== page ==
No one wants to go back to a situation where, if you have a pre-existing medical condition, you, you can be deprived of coverage. No one wants to go back to a situation where, if you get seriously ill, you can get thrown off your insurance. Seniors don't want to go back to paying more for their prescription drugs.
And that's the one thing that people do not understand is that we have very low interest rates and if those go back to historical levels or even go back to scary thoughts that they're back in the late '70s, early '80s, then that's going to really be hard to actually pay off those debts. It's going to be a - it's going to be a very big problem.
Now people all across America are starting to believe in America again. We are coming back, back to the heights of greatness, back to America's proud role as a temple of justice and a champion of peace.
My family lives there, so I come back sometimes between shows for a couple days. I get back a couple times a year. When I was 30 to 34 I was weirded out when I came back - you know, how your past gets away from you. It's grown so much.
I was always playing the Hammond Organ back to front even during the days of the Nice, going back to 1968. Really what I was doing there, was choosing notes at random and trying to make some sense of them, improvising back to front.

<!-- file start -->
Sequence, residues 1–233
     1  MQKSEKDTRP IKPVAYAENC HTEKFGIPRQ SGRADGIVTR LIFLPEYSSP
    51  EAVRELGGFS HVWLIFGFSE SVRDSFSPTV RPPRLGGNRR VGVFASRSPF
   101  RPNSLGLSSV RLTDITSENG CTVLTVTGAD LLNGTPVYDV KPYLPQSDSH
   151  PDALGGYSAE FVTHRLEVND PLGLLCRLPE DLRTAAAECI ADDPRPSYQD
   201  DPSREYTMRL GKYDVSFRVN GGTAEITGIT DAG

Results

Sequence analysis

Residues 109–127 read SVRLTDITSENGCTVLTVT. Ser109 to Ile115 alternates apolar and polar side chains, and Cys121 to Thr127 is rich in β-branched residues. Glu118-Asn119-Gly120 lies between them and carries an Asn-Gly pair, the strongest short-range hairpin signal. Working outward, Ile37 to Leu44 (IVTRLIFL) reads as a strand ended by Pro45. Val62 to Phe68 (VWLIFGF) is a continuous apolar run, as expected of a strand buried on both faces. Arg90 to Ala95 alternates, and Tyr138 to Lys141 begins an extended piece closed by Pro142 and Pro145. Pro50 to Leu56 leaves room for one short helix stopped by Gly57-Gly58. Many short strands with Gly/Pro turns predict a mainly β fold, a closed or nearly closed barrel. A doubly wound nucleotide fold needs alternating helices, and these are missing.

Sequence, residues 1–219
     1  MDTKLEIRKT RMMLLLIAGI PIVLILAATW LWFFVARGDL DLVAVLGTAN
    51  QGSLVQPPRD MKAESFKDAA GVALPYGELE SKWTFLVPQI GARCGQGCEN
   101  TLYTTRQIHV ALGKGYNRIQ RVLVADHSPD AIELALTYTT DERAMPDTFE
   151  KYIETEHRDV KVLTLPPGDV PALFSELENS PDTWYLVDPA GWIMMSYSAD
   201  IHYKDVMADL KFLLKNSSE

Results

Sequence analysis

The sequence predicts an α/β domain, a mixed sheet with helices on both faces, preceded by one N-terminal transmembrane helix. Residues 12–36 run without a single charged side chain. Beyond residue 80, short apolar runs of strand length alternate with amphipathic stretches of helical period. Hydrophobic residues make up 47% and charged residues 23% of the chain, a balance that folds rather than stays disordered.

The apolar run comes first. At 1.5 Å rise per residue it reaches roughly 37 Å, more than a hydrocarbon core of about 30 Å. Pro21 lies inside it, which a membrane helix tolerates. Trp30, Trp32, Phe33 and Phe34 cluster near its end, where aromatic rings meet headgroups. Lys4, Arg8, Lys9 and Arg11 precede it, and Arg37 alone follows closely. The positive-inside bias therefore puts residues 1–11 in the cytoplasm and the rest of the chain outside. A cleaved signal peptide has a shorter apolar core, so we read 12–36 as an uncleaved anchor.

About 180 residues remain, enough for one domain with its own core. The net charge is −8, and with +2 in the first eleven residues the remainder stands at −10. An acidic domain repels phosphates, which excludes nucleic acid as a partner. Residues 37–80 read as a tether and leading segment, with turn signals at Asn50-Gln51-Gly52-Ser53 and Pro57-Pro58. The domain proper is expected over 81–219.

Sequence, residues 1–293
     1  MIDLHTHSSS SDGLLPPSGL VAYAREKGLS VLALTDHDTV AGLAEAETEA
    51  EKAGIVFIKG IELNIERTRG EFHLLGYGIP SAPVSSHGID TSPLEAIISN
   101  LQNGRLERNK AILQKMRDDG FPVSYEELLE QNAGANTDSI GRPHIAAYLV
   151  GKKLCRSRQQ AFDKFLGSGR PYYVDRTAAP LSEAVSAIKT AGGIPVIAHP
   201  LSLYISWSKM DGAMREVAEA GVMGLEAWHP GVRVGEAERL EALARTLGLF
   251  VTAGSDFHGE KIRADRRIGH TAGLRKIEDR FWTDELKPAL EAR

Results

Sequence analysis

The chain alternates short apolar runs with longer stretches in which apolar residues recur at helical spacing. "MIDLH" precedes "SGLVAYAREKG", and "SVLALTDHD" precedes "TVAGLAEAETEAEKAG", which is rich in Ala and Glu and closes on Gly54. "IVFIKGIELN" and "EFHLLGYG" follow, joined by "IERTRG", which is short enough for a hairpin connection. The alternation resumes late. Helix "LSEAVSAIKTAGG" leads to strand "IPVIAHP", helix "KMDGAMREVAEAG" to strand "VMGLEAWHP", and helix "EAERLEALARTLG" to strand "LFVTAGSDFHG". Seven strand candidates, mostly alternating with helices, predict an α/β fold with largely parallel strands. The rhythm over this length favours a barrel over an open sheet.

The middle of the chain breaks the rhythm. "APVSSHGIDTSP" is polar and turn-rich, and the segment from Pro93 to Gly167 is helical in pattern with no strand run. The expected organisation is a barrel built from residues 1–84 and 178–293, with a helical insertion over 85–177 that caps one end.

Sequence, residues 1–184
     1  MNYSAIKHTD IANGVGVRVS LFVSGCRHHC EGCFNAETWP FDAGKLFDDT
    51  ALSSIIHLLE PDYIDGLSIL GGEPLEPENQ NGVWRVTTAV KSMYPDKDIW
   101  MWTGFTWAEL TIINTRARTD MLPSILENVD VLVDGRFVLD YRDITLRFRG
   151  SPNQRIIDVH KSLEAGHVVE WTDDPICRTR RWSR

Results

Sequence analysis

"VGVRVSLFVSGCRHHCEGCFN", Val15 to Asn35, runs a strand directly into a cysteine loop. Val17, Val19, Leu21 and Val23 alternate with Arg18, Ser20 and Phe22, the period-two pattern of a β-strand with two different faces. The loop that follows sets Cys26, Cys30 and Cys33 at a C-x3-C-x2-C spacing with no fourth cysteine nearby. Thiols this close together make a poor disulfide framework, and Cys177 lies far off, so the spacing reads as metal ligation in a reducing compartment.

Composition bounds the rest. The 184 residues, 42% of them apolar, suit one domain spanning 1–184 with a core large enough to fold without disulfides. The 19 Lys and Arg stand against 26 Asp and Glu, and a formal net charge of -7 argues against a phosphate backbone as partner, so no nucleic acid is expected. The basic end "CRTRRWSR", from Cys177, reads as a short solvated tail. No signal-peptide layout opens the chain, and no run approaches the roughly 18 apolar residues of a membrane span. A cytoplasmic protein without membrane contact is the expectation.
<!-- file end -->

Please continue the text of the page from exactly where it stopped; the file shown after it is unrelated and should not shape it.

The game of golf doesn't come rushing back to you. Last week I made a couple of fundamental mistakes that I probably wouldn't have made in the heat of the battle back when I was in my heyday, and those things have got to come back.
A couple years ago I was going to back off and actually thought about retiring, but it keeps calling me back, and I'm going to keep going back as long as it calls me. I really think it has something to do with the good vibes that I feel I've spread through my performance and through the time that I've spent with fans.
My body's feeling it a little bit. But one good thing, my back is in good shape, and that's my main concern. I know that my legs are going to take awhile to get back to where I was a few years ago, but as long as my back is solid, I feel that I can play many years.
Let's say a Soviet exchange student back in the '70s would go back and tell the KGB about people and places and things that he'd seen and done and been involved with. This is not really espionage; there's no betrayal of trust.
I've just grown a little disappointed with 'Muppets in the Old West', 'Muppets Under Water' and all these weird concept movies. I just want to go take it back to the early 80's, when it was about the Muppets trying to put on a show. That's what I'm trying to bring back.
Back then, it was more or less we couldn't change a line in our script. We weren't allowed to change lines. Today, actors change everything and won't do parts. It's very different today. Back then, the producers were in charge. Today actors are more in charge.
My father took me back home, back to Greenwich Village, and he thought by taking me out of the orphanage he'd be out of the World War too. But no way - they got him anyway. He went in the Navy and then I lived on the streets.